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Stephen Hawking Frequents Sex Club In California: Report

The Huffington Post   First Posted: 02/28/2012 4:43 pm Updated: 02/29/2012 5:00 pm

Stephen Hawking may be confined to a wheelchair, but that doesn't seem to keep him from making the rounds. The celebrated astrophysicist is a regular at a sex club in California, according to media reports.

The 70-year-old, almost completely paralyzed by a neurological disorder known as motor neurone disease, frequents a San Bernadino "swinger's club" called Freedom Acres, a long-time member of the club told Radar Online.

"I have seen Stephen Hawking at the club more than a handful of times," the member told the celebrity site. "He arrives with an entourage of nurses and assistants. Last time I saw him, he was in the back 'play area' lying on a bed fully clothed with two naked women gyrating all over him."

Does Hawking really like lap dances? Not so fast, a University of Cambridge press officer told the Cambridge News.

"Lurid statements appeared on a website in America, but they are not true," Tim Holt told the paper. "This report is greatly exaggerated. He visited once a few years ago with friends while on a visit to California."

Twice divorced and the father of three, Hawking is director of research at the university's Center for Theoretical Cosmology and a well-known expert on black holes and the Big Bang. He earned worldwide fame with his 1988 best-seller "A Brief History of Time," though he made another big media bang last January when he called women "a complete mystery."

The center is "devoted to the development and testing of fundamental theories of the universe," according to its website.

And Freedom Acres? Its website calls it "one of the most dynamic and largest on premise Swinger club in the Los Angeles and Orange County with an active member list of couples and single ladies."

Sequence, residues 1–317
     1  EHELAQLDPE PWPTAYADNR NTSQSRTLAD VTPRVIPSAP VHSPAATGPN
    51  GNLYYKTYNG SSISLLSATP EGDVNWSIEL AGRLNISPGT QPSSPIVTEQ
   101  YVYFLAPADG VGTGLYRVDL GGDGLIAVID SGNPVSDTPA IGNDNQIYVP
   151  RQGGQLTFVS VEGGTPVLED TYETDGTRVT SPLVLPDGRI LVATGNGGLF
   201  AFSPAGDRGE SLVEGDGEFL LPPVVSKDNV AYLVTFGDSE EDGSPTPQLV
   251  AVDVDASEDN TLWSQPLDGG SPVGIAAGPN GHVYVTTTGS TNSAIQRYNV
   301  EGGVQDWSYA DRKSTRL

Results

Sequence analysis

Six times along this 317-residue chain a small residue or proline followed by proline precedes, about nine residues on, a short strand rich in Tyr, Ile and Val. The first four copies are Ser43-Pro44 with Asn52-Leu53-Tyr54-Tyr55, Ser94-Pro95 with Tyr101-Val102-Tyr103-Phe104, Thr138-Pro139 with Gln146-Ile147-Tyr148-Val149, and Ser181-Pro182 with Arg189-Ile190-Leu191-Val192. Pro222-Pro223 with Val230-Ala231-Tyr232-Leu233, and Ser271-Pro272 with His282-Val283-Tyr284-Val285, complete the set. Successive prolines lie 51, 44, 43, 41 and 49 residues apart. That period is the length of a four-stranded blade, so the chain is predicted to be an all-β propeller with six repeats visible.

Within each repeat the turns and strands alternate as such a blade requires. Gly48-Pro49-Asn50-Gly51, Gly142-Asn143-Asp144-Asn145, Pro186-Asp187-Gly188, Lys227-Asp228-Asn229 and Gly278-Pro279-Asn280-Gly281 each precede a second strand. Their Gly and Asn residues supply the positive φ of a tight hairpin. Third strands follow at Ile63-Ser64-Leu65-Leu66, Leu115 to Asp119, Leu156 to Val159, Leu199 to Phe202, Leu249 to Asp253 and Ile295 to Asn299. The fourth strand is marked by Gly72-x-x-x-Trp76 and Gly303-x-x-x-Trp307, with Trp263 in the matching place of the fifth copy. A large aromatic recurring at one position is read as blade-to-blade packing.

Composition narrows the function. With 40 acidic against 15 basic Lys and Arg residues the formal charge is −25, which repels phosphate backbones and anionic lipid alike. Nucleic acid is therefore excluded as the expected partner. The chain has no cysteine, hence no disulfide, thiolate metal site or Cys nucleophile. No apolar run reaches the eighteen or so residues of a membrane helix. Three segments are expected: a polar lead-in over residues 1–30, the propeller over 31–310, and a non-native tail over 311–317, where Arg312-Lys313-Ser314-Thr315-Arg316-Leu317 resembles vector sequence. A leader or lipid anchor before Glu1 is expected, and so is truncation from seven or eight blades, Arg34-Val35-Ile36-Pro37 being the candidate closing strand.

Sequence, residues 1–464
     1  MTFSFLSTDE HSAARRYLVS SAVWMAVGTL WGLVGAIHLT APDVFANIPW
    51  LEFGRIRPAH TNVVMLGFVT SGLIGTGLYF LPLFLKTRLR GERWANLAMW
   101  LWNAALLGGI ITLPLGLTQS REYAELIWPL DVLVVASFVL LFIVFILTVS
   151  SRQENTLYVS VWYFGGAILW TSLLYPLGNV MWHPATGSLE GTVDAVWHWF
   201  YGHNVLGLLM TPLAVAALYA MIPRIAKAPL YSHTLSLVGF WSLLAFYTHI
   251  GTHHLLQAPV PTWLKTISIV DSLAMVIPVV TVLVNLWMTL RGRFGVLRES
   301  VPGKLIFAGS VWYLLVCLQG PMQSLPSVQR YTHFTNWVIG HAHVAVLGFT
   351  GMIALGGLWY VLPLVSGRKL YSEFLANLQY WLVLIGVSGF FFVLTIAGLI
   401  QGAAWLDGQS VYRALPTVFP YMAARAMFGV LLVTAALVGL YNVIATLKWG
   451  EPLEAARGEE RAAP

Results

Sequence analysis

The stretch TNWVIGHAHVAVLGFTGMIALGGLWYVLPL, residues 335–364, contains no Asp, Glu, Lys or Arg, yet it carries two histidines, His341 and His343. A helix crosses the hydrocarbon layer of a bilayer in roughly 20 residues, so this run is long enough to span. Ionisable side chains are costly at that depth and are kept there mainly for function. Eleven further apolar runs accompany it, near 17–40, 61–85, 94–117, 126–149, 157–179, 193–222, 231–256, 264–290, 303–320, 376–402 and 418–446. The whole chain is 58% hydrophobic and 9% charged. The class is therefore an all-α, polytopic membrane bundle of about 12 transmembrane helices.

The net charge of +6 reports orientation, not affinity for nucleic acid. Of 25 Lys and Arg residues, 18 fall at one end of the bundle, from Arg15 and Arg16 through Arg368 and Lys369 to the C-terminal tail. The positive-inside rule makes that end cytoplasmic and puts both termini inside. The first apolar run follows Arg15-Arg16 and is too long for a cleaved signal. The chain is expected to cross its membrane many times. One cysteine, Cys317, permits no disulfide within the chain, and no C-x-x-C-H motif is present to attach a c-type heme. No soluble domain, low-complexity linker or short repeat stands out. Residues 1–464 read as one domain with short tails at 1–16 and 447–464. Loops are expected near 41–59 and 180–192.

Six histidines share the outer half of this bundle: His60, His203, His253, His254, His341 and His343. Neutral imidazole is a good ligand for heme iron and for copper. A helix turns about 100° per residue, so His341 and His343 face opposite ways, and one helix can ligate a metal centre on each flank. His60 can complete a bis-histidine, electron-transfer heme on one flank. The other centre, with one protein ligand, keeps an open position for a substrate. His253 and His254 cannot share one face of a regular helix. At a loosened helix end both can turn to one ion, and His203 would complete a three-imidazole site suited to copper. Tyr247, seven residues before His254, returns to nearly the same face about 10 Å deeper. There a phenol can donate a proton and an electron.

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  • Stephen Hawking's Great Quotes

    People who boast about their IQ are losers.

  • My goal is simple. It is a complete understanding of the universe, why it is as it is and why it exists at all.

  • I don't think the human race will survive the next thousand years, unless we spread into space. There are too many accidents that can befall life on a single planet. But I'm an optimist. We will reach out to the stars.

  • I think computer viruses should count as life ... I think it says something about human nature that the only form of life we have created so far is purely destructive. We've created life in our own image.

  • We are so insignificant that I can't believe the whole universe exists for our benefit. That would be like saying that you would disappear if I closed my eyes.

  • We are just an advanced breed of monkeys on a minor planet of a very average star. But we can understand the Universe. That makes us something very special.

  • What I have done is to show that it is possible for the way the universe began to be determined by the laws of science. In that case, it would not be necessary to appeal to God to decide how the universe began. This doesn't prove that there is no God, only that God is not necessary.